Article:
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Sunday, 8 December 2013


Push for nuclear power plant in the North

A NUCLEAR power station has been proposed for North Queensland to ease the region's chronic power shortages and service new mines and industries in the region.
Mount Isa Mayor Tony McGrady has thrown his support behind establishing a nuclear power industry in North Queensland and said it was a natural progression from uranium mining.
North-west Queensland is home to some of the richest uranium deposits in Australia, but only recently have they been opened up for mining after Premier Campbell Newman overturned the decades-old ban on digging up the radioactive ore last year.
Cr McGrady said North Queensland should capitalise on its uranium riches by using the fuel to help unlock the region's mineral wealth and industrial potential.
"Queensland has made the decision to mine uranium and now the next logical step is to start using nuclear power," he said.
"I think there could be a lot of benefits to North Queensland if we have a rational and grown-up debate about the nuclear power industry.
"We are an energy-thirst country and we desperately need more base-load power in the North and north-west.
"To me, it's about getting the mix of energy (sources) right and that includes coal, gas and nuclear."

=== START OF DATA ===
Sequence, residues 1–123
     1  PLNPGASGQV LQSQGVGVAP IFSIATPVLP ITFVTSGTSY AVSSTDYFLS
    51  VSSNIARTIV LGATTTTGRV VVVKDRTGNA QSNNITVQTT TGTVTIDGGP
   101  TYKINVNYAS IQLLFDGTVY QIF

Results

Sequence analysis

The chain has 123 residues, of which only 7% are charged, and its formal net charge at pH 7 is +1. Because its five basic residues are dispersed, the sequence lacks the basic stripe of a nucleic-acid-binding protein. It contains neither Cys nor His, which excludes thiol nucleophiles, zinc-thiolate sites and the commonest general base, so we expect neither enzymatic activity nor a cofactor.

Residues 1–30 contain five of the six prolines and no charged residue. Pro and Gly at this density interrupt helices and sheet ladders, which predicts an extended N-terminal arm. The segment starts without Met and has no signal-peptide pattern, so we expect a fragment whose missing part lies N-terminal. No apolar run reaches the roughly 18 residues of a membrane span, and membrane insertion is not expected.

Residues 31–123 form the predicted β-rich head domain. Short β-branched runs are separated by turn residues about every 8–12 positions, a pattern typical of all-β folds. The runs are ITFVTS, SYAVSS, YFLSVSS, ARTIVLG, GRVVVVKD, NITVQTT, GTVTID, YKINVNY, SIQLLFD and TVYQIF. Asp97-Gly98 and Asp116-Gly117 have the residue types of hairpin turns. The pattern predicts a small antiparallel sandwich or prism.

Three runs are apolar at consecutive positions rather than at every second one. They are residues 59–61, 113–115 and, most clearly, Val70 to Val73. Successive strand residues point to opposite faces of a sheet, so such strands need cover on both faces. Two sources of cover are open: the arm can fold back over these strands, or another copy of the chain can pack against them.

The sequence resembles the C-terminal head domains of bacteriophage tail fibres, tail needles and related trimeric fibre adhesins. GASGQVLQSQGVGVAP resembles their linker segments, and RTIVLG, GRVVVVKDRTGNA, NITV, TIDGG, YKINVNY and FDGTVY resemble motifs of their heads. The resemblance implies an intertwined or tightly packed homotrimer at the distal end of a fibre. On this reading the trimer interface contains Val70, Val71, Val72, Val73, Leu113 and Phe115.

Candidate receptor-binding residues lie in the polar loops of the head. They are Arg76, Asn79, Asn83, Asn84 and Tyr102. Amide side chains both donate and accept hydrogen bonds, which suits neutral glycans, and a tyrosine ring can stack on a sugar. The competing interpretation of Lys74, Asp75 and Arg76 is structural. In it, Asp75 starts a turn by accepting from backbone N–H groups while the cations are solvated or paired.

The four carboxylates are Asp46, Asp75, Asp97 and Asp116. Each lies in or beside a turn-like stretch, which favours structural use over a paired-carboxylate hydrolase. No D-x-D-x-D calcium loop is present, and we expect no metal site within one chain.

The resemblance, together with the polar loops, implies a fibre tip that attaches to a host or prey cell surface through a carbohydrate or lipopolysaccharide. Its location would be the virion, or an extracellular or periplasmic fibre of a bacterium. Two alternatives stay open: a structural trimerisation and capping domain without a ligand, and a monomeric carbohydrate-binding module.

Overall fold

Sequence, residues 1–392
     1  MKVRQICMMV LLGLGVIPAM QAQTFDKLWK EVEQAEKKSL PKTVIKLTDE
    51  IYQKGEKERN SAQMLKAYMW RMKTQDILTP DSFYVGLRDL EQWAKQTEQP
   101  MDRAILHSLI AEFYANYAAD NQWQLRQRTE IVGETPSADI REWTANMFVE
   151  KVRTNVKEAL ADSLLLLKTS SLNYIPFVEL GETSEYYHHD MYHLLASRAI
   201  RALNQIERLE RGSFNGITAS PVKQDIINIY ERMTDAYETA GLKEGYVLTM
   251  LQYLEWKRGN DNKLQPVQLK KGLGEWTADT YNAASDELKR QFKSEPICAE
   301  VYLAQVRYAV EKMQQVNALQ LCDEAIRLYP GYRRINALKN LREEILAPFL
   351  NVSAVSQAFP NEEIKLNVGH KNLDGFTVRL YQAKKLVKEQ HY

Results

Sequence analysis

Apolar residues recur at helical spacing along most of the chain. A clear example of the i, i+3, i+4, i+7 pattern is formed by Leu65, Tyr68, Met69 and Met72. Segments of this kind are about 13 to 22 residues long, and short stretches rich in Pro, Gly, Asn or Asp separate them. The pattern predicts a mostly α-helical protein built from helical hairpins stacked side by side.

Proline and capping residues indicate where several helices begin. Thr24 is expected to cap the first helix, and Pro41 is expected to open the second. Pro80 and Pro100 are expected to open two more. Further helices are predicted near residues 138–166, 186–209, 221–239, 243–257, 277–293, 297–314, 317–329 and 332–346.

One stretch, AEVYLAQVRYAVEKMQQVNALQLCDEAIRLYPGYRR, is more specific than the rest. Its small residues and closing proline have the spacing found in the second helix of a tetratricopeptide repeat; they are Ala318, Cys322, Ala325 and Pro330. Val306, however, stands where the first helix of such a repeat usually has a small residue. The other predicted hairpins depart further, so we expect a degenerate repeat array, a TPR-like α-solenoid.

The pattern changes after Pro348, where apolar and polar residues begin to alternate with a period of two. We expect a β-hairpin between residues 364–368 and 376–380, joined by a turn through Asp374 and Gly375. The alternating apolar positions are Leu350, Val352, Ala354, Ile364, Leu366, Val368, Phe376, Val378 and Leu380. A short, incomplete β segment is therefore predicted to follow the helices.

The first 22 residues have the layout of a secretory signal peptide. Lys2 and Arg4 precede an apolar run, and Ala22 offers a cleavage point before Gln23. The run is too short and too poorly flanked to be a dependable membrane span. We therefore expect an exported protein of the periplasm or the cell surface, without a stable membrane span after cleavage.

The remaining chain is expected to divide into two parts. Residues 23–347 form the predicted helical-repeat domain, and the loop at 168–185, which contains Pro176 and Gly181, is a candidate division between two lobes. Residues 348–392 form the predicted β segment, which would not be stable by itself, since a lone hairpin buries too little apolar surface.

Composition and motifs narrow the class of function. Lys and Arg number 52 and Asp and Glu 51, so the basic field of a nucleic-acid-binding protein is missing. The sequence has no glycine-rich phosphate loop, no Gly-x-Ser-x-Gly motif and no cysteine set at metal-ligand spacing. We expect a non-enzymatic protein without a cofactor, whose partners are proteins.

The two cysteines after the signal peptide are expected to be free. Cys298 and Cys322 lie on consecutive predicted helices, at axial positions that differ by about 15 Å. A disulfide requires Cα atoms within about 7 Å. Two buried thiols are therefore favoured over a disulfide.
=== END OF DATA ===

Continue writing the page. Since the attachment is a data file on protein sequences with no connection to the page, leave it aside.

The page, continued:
Cr McGrady said North Queenslanders needed to have a community debate about whether they would be comfortable for a nuclear power station to be established to help solve the region's electricity supply problems.
"We need to have a sensible, rational and mature debate about nuclear power," he said.
"It can't be hijacked by the Greens and their emotive arguments against it."
North Queensland Conservation Council co-ordinator Wendy Tubman said she supported debating the establishment of a nuclear power industry but didn't think it would be widely supported.
"There are just too many human and environmental risks to take into consideration when examining nuclear power," she said.
"The waste lasts for thousands of years and there is no safe way to store it.
"Another huge risk is the contamination of water our water supplies."
Energy Minister Mark McArdle said, in a written statement, he didn't believe nuclear energy would be needed in the foreseeable future.
"The Queensland Government does not see any need for nuclear energy in Queensland," he said.
"Queensland has abundant, low cost energy resources such as coal and gas and, with falling electricity demand, will unlikely require the construction of a large base-load generator in the next decade."
Anti-nuclear campaigner Mark Bailey said the costs of cleaning up nuclear power stations and uranium mines were huge.
"The cost of decontamination of nuclear power plants is astronomical," he said.
"I think partly it's a distraction to get us off the issue of uranium mining.
"There has not been any uranium mine in Australia that has successfully been rehabilitated, partly because of the huge costs involved."
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